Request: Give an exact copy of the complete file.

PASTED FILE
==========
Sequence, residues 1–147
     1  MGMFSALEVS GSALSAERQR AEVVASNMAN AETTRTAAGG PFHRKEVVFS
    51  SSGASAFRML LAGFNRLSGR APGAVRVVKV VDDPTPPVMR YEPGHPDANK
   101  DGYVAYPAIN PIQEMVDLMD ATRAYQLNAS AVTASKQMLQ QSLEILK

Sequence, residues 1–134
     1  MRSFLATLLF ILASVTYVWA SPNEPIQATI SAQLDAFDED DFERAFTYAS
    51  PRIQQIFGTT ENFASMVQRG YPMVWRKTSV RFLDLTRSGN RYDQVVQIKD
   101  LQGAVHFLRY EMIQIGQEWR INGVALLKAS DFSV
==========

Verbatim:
Sequence, residues 1–147
     1  MGMFSALEVS GSALSAERQR AEVVASNMAN AETTRTAAGG PFHRKEVVFS
    51  SSGASAFRML LAGFNRLSGR APGAVRVVKV VDDPTPPVMR YEPGHPDANK
   101  DGYVAYPAIN PIQEMVDLMD ATRAYQLNAS AVTASKQMLQ QSLEILK

Sequence, residues 1–134
     1  MRSFLATLLF ILASVTYVWA SPNEPIQATI SAQLDAFDED DFERAFTYAS
    51  PRIQQIFGTT ENFASMVQRG YPMVWRKTSV RFLDLTRSGN RYDQVVQIKD
   101  LQGAVHFLRY EMIQIGQEWR INGVALLKAS DFSV